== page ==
While insurance relief isn't on the horizon in the near future Ryan said it was possible premiums could settle in a few years time, as was the case following September 11, 2001.

"That was a huge loss and immediately after there was a strong increase in insurance and reinsurance but over the five to seven years they returned to long-term average on the basis of competition.''

 

 

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Simply running out of money

..and under the current and upcoming worldwide scenario (Broom economies), who is going to insure  reinsurance companies such as Munich Re, Swiss Re,  Berkshire Hathaway Re, etc. ??

Costs will increase dramatically, because of damage worldwide caused by "Lack of Funds" (Economic inquality), the consequences related to "Climate Change" and possible increase of earthquakes also.

A new dimension:  http://www.sciencedaily.com/releases/2008/08/080821164304.htm

 "It does seem likely that shakes as big as last night's can be expected in this zone for a while yet." Researchers from Canterbury University and the University of Calgary will soon begin underground seismic surveying of the gap between the two faults.   stuff

What odds now the much promised rebuilding in Chch cannot start....the land is not stable...new subdivisions will have to be established on stable land....how long will the bureaucracy wait before accepting this reality....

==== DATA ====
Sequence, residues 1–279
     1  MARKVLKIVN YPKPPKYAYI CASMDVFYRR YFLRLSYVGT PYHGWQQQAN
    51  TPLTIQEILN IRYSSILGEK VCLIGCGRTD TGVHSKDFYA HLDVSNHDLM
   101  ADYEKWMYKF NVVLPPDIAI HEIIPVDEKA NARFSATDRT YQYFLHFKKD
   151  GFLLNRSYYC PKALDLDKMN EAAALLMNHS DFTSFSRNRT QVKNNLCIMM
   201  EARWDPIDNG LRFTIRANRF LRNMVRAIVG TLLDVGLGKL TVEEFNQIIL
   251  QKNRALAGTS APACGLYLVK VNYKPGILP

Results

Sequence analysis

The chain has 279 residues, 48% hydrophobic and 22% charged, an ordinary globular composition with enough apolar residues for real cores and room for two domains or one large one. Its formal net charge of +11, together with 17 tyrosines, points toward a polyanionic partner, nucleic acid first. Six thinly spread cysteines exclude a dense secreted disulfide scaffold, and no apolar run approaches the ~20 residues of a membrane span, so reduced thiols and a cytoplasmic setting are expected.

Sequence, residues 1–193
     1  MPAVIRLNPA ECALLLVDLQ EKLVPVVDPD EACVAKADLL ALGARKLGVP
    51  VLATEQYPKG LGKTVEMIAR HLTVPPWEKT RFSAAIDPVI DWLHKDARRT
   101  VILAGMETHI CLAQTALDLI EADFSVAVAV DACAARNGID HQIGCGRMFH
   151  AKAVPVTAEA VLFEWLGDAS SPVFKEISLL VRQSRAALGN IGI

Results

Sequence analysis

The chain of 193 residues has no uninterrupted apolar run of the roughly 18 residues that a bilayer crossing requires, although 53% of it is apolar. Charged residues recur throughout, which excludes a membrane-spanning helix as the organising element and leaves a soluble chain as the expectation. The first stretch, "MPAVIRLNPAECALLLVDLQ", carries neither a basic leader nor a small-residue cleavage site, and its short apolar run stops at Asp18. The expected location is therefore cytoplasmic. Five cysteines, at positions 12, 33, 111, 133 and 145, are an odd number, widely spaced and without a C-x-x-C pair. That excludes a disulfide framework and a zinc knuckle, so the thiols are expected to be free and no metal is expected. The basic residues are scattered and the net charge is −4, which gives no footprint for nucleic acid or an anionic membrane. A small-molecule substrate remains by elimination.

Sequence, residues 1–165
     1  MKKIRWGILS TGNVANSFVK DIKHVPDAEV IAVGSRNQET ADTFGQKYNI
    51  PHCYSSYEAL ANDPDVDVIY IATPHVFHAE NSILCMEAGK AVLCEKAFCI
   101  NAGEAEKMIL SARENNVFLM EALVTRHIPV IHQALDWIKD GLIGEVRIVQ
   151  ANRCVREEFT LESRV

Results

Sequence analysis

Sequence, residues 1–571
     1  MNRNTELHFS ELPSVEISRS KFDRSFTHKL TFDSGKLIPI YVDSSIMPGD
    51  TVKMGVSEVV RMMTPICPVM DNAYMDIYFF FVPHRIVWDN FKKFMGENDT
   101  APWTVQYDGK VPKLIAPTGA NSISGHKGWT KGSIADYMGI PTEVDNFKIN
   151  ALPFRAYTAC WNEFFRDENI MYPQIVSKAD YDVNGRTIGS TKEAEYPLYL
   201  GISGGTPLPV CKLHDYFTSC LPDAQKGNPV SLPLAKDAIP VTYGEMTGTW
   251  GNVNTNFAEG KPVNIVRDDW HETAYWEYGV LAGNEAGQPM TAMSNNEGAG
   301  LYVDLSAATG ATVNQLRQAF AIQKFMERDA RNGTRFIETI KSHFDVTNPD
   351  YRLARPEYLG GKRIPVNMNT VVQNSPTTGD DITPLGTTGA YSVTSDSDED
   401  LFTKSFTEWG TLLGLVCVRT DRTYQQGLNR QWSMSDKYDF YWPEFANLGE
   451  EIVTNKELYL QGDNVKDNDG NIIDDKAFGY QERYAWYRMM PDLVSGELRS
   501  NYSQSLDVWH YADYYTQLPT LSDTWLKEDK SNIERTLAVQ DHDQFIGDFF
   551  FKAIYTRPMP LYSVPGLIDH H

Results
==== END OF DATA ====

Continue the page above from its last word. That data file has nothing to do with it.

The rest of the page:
Or are we to be given a grandstand viewing of foolishness and poor judgement in the name of company profits.....remind me again about the 10 metre deep trenches with great walls to make the land stable....

 

 Over many months I noticed when Oxford (OXZ) has a number of smaller deflections in a short sequence on the "drums" – four to ten hours later Christchurch has another aftershock of magnitude 4.0 plus.

http://www.geonet.org.nz/earthquake/drums/

You might become the next Ken Ring.

You might become the next Mark Hotchins.

The re building will be dragged out as long as possible, this way not such a big hit on the Balance Sheet if it is over a 10 - 15 year period.  Probem with insurance companies is they have only looked at collecting, investing all our premiums over all of these years, now they have to acutally pay out on the policy,  they are no way prepared or have the experience in house for this as their  training was geared in the complete opposite direction, of marketing, retaining and money collection.

Ten to fifteen years to rebuild and my once fine city will be just another regional town.